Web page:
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The Thin Man Goes Home (1945)

Approved | | Comedy, Crime, Mystery | January 1945 (USA)
Nick and Nora visit Nick's hometown, and end up involved in a murder.

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(screen play), (screen play) | 3 more credits »
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Cast

Cast overview, first billed only:
...
...
Lucile Watson ...
...
Laura Ronson (as Gloria De Haven)
...
Crazy Mary
...
Helena Draque
...
Dr. Bertram Charles
...
Edgar Draque
...
Willie Crump
...
Brogan
Lloyd Corrigan ...
Dr. Bruce Clayworth
...
Hilda (as Anita Bolster)
Ralph Brooke ...
Peter Berton
Donald MacBride ...
Police Chief MacGregor
...
Willoughby
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Storyline

Nick and Nora head to Nick's hometown of Sycamore Springs to spend some time with his parents. His father, a prominent local physician, was always a bit disappointed with Nick's choice of profession in particular and his lifestyle in general. With Nick's arrival however the towns folk, including several of the local criminal element, are convinced that he must be there on a case despite his protestations that he's just there for rest and relaxation. When someone is shot dead on his doorstep however, Nick finds himself working on a case whether he wants to or not. Written by Anonymous

Plot Summary | Plot Synopsis

Taglines:

Together again in M-G-M's riotous comedy. (Title lobby card).


Certificate:

Approved | See all certifications »

Parents Guide:

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Details

Country:

Language:

Release Date:

January 1945 (USA)  »

Also Known As:

A cingár férfi hazamegy  »

Box Office

Budget:

$1,000,000 (estimated)
 »

Company Credits

Production Co:

 »
Show detailed on  »

Technical Specs

Runtime:

Sound Mix:

(Western Electric Sound System)

Aspect Ratio:

1.37 : 1
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Did You Know?

Trivia

The fifth of six "Thin Man" movies starring William Powell and Myrna Loy, filmed May 8-July 14 1944. See more »

Goofs

In the baggage car scene, Asta twice hides behind a milk can; once running from the right and the second time, running from the left. In the second sequence, the writing on the crates behind her is backwards. This is because the film editor simply reversed the negative from the first sequence in order to "create" the second. See more »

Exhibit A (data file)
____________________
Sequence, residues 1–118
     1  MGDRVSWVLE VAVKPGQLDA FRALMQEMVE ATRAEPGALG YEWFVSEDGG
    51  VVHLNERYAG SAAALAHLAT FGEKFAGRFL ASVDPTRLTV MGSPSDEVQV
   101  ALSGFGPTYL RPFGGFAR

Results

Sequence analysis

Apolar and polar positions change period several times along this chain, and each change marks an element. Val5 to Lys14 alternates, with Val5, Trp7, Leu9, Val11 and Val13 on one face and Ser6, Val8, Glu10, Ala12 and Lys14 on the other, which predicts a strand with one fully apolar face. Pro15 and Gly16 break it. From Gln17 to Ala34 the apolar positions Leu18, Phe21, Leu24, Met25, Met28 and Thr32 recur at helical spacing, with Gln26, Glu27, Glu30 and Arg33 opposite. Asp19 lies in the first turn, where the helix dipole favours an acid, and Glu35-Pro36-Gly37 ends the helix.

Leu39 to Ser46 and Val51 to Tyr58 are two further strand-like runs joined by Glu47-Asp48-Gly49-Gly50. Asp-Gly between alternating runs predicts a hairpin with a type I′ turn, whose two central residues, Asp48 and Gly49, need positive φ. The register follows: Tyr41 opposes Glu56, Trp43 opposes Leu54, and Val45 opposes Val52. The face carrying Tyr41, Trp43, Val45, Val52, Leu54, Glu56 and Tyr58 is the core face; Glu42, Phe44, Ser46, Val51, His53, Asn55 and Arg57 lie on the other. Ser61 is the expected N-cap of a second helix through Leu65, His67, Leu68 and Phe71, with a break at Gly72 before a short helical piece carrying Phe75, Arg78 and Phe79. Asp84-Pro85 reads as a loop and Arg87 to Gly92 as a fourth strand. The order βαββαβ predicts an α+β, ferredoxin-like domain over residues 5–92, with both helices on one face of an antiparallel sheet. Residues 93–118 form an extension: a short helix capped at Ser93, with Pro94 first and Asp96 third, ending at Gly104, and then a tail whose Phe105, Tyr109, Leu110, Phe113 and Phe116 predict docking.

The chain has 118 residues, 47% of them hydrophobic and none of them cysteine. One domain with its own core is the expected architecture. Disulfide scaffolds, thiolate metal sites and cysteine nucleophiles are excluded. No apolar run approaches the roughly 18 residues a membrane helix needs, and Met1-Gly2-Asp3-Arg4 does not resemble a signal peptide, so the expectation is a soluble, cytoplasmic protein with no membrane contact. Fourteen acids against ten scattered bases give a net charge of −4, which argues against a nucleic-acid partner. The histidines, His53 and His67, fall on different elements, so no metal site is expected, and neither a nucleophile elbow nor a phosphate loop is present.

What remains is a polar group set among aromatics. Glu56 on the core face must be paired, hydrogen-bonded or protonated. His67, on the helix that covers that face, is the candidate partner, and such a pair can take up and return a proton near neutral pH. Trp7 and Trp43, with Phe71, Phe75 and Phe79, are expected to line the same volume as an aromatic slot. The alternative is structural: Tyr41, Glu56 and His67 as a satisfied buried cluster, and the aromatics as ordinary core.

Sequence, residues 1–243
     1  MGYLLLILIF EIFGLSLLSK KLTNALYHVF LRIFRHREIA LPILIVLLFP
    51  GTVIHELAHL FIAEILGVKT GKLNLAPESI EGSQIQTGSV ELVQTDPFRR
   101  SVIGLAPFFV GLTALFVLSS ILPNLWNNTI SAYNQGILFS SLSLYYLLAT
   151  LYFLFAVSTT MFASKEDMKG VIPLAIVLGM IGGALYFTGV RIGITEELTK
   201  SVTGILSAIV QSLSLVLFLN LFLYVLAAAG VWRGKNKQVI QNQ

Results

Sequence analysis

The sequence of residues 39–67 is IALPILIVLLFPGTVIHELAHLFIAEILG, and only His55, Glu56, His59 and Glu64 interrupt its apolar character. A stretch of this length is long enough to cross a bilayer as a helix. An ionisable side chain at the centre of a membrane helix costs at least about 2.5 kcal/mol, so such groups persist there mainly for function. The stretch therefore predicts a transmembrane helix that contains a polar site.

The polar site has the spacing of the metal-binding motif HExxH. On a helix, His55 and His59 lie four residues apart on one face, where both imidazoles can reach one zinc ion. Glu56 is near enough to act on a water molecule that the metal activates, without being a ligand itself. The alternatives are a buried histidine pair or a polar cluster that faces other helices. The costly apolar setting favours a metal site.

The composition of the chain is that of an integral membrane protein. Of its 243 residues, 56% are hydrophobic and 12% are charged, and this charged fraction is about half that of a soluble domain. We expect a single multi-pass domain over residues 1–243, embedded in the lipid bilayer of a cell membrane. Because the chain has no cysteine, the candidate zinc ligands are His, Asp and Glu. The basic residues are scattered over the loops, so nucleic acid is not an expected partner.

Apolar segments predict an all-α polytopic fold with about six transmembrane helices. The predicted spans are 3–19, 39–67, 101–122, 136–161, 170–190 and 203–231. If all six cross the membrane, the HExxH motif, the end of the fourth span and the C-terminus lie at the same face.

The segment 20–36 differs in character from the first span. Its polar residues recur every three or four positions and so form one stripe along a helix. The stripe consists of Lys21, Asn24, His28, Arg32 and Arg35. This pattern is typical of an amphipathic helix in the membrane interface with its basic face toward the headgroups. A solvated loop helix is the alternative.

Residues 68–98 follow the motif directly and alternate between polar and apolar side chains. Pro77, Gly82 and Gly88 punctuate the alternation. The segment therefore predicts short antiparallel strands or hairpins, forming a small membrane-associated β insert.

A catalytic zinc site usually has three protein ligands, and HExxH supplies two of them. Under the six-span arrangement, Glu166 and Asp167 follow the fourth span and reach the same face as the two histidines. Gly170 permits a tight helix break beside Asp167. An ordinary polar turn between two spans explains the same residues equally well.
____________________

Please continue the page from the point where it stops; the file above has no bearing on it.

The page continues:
Quotes

Nicholas 'Nick' Charles: A couple of weeks on this cider and I'll be a new man.
Nora Charles: I sort of like the old one.
Nicholas 'Nick' Charles: Why, darling, that's the nicest thing you've said to me since the time I got my head caught in that cuspidor at the Waldorf.
See more »

Connections

Followed by Song of the Thin Man (1947) See more »

Soundtracks

Happy Birthday to You
(uncredited)
Written by Mildred J. Hill and Patty S. Hill
Sung a cappella by Lucile Watson and Harry Davenport
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User Reviews

 
One of the few examples of a *good* sequel...
3 April 2001 | by (Montreal, Canada) – See all my reviews

This film is hilarious! Powell and Loy's chemistry just doesn't let up, even after four sequels. I've now seen three of these films (The first, third and fifth), and the quality is as high as ever. I liked this one better than the third (Another Thin Man), though it's not quite as good as the first (The Thin Man).

The humour is excellent. These films wouldn't be half as good without the oft-subtle, always hilarious dialogue rampant throughout. And Powell and Loy are always perfect, they never miss a beat. One of the problems I had with the third one was that it felt forced, the humour just wasn't top-notch. But it's full-force here, nearly at the level of the first one. As well, the story is much more interesting than the third one, and almost at the level of the first. The first one had the spark, the originality, that won't ever be reproduced. But this script is sharp (although I really missed all of the great drinking jokes;), and it didn't (thankfully) have the brat of a baby;) And Asta is as cute as ever, what more could I ask for??

It's not perfect, it's not as good as the first. But it's up there! Another definite must-see; I'd recommend these films to all, an eternal classic!! 8/10.


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